National Security Council advisor Craig Deare was demoted by Donald Trump for the sin of expressing disagreement with administration policy. His removal is the second time in a month that this White House has lashed out at their own team for refusing to go along with the groupthink.
Craig Deare, who was serving as the senior director for Western Hemisphere Affairs, reportedly criticized Donald Trump during a roundtable discussion at the Woodrow Wilson Center. According to a Politico report, Deare spoke about the outsize influence of white nationalist Steve Bannon over affairs in the White House (including preventing national security aides from speaking to Trump), and also criticized the dysfunctional atmosphere among the Trump team which has led to a series of missteps on issue after issue.
When his comments were publicized, Deare was sent back to the National Defense University, where he previously served as dean of administration.
Deputy Press Secretary Sarah Sanders (daughter of Mike Huckabee) was extremely blunt about Deare’s demotion, telling reporters, “I don’t think that any person that is there in order to carry out the President’s agenda should be against the President’s agenda,” and adding, “If you don’t support the President’s agenda then you shouldn’t have a job in the White House.”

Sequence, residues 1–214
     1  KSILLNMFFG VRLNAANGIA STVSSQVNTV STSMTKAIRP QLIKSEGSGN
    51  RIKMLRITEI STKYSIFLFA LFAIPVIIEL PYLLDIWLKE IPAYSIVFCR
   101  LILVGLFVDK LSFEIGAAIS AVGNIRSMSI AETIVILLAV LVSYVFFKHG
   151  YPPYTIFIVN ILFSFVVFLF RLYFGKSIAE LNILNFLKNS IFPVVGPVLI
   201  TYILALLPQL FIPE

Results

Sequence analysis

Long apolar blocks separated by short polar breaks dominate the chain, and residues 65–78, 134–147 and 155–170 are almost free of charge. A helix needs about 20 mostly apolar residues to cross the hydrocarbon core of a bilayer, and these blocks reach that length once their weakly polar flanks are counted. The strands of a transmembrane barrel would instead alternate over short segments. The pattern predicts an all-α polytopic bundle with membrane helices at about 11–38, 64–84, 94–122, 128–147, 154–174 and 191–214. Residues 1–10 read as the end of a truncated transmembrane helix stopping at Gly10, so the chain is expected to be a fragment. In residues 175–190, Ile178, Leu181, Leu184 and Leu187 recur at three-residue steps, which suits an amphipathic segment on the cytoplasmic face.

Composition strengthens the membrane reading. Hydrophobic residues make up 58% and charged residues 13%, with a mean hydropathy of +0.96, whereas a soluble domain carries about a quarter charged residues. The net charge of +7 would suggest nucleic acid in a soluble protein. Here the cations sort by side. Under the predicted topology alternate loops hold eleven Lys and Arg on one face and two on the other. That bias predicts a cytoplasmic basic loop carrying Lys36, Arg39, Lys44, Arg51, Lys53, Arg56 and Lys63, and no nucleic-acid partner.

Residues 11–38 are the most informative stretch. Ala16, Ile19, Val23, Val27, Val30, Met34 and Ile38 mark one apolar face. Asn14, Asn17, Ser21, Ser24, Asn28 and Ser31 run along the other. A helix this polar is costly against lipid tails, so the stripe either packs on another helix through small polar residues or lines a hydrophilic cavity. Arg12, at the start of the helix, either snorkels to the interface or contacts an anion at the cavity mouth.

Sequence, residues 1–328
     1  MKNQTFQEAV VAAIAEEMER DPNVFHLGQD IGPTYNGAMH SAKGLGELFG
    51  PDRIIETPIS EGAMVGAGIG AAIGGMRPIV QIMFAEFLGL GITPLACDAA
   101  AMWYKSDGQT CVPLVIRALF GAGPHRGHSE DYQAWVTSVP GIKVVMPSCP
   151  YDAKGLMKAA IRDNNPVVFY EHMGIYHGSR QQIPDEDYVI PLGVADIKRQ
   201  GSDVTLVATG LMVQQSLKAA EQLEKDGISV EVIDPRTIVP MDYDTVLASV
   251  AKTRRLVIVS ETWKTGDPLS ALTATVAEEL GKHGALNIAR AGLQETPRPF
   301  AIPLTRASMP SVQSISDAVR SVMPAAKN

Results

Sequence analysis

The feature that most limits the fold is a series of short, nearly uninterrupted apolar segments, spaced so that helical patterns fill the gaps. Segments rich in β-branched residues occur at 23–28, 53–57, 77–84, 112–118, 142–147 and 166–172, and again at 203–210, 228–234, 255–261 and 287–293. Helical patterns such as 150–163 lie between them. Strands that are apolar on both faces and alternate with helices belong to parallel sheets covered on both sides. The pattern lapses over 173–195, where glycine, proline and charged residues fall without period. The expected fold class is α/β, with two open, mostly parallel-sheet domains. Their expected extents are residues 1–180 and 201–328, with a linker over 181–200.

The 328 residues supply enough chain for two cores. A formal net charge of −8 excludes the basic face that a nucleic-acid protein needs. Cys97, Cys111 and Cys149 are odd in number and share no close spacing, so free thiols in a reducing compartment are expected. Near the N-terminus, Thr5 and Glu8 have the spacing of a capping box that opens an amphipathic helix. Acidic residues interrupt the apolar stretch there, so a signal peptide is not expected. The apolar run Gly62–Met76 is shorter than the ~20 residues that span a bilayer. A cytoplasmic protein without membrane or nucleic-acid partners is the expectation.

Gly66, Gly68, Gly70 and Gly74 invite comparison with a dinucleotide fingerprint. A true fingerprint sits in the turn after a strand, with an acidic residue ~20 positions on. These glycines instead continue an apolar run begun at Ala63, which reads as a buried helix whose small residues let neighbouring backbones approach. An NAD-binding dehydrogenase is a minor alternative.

Shermichael Singleton, who was a senior advisor to Ben Carson at the Department of Housing and Urban Development (HUD) was also recently fired. His sin, in the eyes of the Trump team, was pointing out the “coded” racist rhetoric that Trump used throughout the campaign season. Reports indicate that Singleton was removed from the HUD building with a security escort.
This is redefining criticism of policy and its execution as disagreement with Trump. And it effectively means that any dissent from the party line — even if it is a warning about impending disaster — is to be punished.
By contrast, in 2009, as President Obama assembled his cabinet, he looked to Abraham Lincoln’s “team of rivals” for inspiration. Lincoln appointed several Republicans who had also sought the Republican nomination in 1860 to be his closest advisors, including Secretary of War Edwin Stanton who once called Lincoln a “long-armed ape.”
Obama also put his rivals for the Democratic nomination in his leadership team. Of course, Vice President Joe Biden was also a 2008 presidential candidate, but Obama’s strongest opponent in that primary campaign was Hillary Clinton. Yet soon after he won, Obama asked her to serve in his cabinet in the powerful position of Secretary of State — a position directly related to the issue Clinton and Obama had clashed over most often, foreign policy.
Trump’s approach is distinctly different from Lincoln and Obama’s: Surrounding himself with “yes” men and purging those who casually deviate from the company line, even if they appear to be looking out for the welfare of the country, as appears to be the case with Deare.
Trump’s tactic is closer to the Nixon playbook, an ongoing rolling paranoid purge of those seen as disloyal to the president’s whims, whatever they happen to be at the moment.